Updated: Jun 12, 2020
We have heard it over and over again in the last few months – this moment in time is nothing we have ever seen and experienced before. And it is true. Teacher life is dramatically different from how we have always known it. Although it won’t be like this forever, we need to look at how we can be the best teachers in the present moment. But most of all, we need to show up in the best way possible for our students.
This isn’t a post with a list of things you should be doing or how to change up your pedagogy. It is a list of a few things that we have thought of to help you when undertaking distance learning. Some points will be welcomed reminders, some maybe ideas to help but most of all we hope it provides you with a source of comfort.
Keep it simple. Clear, concise teaching and instructions will help to limit misconceptions for students.
Plan one week at a time. With guidelines changing so rapidly, it is a good idea to have one week of online lessons and one week of classroom lessons ready. Planning too much in advance may mean you will be doing things twice.
Now is the time to put the perfectionist hat away.
Use this opportunity to learn new techie skills and don’t forget to log what you can as professional development.
Include learning experiences or activities that focus on student wellbeing.
Set up folders in your mailbox for each student, so you can easily track the communication between students and parents.
Limit the digital platforms you use! Your hands may be tied depending on your school, so use the time to embrace the change and go with the flow.
Consider implementing a long term project for your students that will cover a variety of learning skills. Try to allow opportunities for student choice as this will attribute to higher engagement.
Find time to touch base one on one or in small groups with your students. It could be a phone call, video call or anything else that works for you. Times like this we want and need to feel connected!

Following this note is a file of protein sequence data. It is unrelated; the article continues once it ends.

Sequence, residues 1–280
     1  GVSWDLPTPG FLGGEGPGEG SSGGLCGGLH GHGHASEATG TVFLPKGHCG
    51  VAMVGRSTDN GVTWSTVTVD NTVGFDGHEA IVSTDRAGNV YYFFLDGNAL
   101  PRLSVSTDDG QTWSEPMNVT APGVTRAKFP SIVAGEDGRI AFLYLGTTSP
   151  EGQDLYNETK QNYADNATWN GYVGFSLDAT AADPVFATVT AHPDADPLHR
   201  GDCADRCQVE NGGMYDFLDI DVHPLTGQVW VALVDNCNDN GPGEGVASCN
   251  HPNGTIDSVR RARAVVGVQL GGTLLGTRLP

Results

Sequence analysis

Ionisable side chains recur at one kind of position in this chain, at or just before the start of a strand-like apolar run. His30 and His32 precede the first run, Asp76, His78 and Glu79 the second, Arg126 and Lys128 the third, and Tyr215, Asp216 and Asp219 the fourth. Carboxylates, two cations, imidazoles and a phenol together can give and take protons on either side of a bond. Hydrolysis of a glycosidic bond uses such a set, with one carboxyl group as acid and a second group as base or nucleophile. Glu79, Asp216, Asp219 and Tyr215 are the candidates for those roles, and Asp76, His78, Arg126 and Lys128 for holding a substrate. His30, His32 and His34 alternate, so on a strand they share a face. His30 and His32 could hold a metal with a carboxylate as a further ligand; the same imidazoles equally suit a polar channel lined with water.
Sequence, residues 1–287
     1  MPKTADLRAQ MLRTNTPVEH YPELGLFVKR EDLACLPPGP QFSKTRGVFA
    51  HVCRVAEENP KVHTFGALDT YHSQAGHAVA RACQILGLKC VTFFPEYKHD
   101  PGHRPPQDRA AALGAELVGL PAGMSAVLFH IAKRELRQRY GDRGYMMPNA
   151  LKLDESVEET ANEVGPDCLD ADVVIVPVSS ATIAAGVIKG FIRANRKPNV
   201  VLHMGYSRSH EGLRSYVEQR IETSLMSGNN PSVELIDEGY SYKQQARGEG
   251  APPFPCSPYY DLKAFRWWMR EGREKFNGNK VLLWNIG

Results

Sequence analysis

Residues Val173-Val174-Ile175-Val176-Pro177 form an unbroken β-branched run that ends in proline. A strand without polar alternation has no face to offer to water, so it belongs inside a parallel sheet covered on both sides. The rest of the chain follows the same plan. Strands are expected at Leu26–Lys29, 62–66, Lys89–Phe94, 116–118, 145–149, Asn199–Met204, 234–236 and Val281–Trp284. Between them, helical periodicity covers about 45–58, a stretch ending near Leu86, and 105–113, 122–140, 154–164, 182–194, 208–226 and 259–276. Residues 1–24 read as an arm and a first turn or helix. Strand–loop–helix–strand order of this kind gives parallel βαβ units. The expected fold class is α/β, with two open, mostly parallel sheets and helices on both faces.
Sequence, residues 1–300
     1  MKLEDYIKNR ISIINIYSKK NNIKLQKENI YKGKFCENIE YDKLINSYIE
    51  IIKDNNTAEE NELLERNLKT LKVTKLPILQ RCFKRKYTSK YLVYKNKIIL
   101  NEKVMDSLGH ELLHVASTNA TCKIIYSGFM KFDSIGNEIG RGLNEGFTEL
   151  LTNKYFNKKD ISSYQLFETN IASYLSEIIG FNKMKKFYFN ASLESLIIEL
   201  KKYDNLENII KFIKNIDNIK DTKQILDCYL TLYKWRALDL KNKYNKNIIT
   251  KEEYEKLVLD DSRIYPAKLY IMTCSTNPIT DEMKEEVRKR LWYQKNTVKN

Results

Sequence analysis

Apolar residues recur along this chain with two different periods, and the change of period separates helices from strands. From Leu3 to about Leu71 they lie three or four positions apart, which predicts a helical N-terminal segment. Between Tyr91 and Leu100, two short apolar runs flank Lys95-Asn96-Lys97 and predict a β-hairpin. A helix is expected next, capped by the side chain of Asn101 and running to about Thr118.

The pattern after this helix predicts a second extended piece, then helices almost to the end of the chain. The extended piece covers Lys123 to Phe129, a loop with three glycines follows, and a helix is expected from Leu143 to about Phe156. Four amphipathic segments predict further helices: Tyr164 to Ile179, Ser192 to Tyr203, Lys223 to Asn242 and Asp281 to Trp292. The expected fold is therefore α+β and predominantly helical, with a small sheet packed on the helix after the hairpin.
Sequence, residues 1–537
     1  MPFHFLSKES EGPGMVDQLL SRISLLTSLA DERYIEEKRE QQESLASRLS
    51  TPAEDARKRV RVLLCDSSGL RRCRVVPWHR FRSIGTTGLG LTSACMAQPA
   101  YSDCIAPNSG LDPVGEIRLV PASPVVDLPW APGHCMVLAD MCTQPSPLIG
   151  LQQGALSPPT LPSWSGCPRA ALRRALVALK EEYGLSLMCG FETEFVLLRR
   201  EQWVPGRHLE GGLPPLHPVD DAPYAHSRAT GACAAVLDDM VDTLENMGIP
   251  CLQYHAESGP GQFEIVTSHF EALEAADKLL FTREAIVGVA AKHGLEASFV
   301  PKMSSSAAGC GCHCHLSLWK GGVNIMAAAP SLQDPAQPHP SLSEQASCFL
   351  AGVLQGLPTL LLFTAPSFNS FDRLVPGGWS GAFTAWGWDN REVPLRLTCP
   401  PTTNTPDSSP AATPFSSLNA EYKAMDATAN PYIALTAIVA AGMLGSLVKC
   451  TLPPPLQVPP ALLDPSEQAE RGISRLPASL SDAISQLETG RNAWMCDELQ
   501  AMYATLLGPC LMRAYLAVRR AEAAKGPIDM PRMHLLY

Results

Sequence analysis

This is a time that will be remembered throughout history. Encourage students to keep a journal as a part of writing lessons. It will make a special keepsake for years to come.
Give yourself grace. This is unchartered territory.
We also have a blog post with some handy tips for parents too. Feel free to share it with them, it may even help if a student takes an extended holiday or for families that need more support and guidance for weekly homework. Find it here.
Finally, there is a helpful resource in our store which was created with these current circumstances in mind. Our Digital Learning Grids. The great thing is these grids can be used even when you’re back in the classroom for lesson ideas, extension activities, or homework tasks.
Update: Even though distance learning has drawn to an end in Australia, we don’t know if we will one day, sooner or later, be required to teach remotely. We believe these suggestions are still relevant and are interwoven with face to face teaching. So, with the tips suggested in this post, our aim is always to give support and encouragement to fellow educators.
We’d like to send a big shout out to thank all the teachers for everything you do!
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